Zackary Drucker Performance Artist, Filmmaker– The most memorable work to date by 27-year-old performance artist Zackary Drucker may well be a piece entitled The Inability To Be Looked At and the Horror of Nothing to See, staged four times in 2009, where Drucker lays on a table wearing only underwear and a blond wig with a steel ball in her mouth. A prerecorded tape of Drucker’s voice instructs audience members to pluck out body hairs with provided sets of tweezers. The artist’s tone is reminiscent of guided spiritual meditations while she consoles her listeners for their sadistic hair-pulling act with pronouncements like, “Don’t be afraid, the bitch can take it.” This piece has come to represent the duality of Drucker’s work: a direct, unapologetic confrontation between the audience and her body, gender, and voice. “I wrote that piece in the summer of 2008, when I was participating in a performance-art boot camp in the Mojave Desert run by Ron Athey and Julie Tolentino,” says the upstate New York native, who moved to Los Angeles in 2005 to attend school at CalArts. Drucker seems to have learned a lot from such performance-art masters—and in fact, she lives and works in a Silverlake apartment that Athey leases, where a few scenes of Bruce LaBruce’s queer L.A. cult film Hustler White (1996) was filmed. Drucker, a transgender artist whose work often celebrates and amplifies the viewer’s inability to affix easy norms and codes, is one of the leading participants in a new generation that is rediscovering performance as a space for revolt, expression, and creative bedlam. Drucker has also been incorporating film and video into her practices—often collaborating with other queer and transgender performers in overt, uncompromising, sexually vocal works. In You Will Never, Ever Be a Woman . . . Drucker and Van Barnes, who Drucker describes as a close friend and sort of sister, demean and embrace each other in a domestic setting, demanding privacy while playing up for the camera. “I’ve always been interested in mixing signals,” Drucker says. “I don’t think any of us are easily defined. Trans people have a tendency to adhere to normative culture, but I think all the rules and truths are being redefined.”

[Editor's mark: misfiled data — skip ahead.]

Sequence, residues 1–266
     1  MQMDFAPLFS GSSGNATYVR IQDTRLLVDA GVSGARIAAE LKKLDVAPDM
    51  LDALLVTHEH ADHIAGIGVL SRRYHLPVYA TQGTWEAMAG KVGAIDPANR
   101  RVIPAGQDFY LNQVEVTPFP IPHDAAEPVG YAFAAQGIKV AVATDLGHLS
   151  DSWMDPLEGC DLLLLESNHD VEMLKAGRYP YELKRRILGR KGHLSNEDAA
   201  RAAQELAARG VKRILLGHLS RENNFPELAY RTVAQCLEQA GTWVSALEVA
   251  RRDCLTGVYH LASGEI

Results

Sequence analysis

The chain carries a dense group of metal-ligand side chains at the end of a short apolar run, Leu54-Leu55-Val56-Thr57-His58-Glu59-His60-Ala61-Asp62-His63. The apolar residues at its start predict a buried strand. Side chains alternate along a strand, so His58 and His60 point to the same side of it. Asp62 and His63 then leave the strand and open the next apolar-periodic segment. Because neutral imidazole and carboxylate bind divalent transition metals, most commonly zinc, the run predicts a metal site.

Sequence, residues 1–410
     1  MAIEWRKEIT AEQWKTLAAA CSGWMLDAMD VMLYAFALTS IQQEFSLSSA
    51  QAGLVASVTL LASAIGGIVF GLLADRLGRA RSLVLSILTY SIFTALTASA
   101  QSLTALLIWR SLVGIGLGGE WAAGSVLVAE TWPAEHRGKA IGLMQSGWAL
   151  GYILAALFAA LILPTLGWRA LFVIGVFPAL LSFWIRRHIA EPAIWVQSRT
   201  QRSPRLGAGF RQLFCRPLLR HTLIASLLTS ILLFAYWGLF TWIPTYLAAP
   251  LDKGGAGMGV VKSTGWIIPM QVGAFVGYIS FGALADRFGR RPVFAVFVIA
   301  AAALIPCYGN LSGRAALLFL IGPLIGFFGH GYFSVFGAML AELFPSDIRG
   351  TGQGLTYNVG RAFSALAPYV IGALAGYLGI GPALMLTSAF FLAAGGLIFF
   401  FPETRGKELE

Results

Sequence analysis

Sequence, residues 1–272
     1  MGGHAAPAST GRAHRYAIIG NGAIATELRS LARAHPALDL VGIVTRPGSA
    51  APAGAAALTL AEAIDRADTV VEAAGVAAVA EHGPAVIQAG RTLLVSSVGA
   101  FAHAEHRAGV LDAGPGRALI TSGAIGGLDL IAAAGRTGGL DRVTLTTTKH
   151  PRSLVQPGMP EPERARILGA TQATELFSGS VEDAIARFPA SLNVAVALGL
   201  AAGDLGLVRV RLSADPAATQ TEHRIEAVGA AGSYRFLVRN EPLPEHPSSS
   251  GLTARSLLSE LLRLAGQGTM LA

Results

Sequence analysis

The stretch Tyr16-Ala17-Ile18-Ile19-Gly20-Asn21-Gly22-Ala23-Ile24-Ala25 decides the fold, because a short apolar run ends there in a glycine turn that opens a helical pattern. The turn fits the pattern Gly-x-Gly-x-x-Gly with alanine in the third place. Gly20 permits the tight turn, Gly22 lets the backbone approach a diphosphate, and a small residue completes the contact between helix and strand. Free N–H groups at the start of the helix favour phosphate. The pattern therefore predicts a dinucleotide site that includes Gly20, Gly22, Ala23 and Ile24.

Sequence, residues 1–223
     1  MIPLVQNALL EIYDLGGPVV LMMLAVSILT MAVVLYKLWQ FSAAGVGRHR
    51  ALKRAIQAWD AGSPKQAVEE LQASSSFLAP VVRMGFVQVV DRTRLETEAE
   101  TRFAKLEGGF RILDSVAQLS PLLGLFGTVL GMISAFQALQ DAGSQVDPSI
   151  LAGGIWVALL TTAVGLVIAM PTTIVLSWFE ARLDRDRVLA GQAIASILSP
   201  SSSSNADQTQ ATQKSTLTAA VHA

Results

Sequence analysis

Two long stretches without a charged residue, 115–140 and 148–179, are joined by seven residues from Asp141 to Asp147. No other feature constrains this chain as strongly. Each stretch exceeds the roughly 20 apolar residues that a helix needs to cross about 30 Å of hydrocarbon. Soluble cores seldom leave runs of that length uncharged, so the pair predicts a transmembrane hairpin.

Zackary Drucker at her home in Silverlake, Los Angeles, October 2010. Bra and underwear: Drucker’s own. Top: Marc Jacobs.
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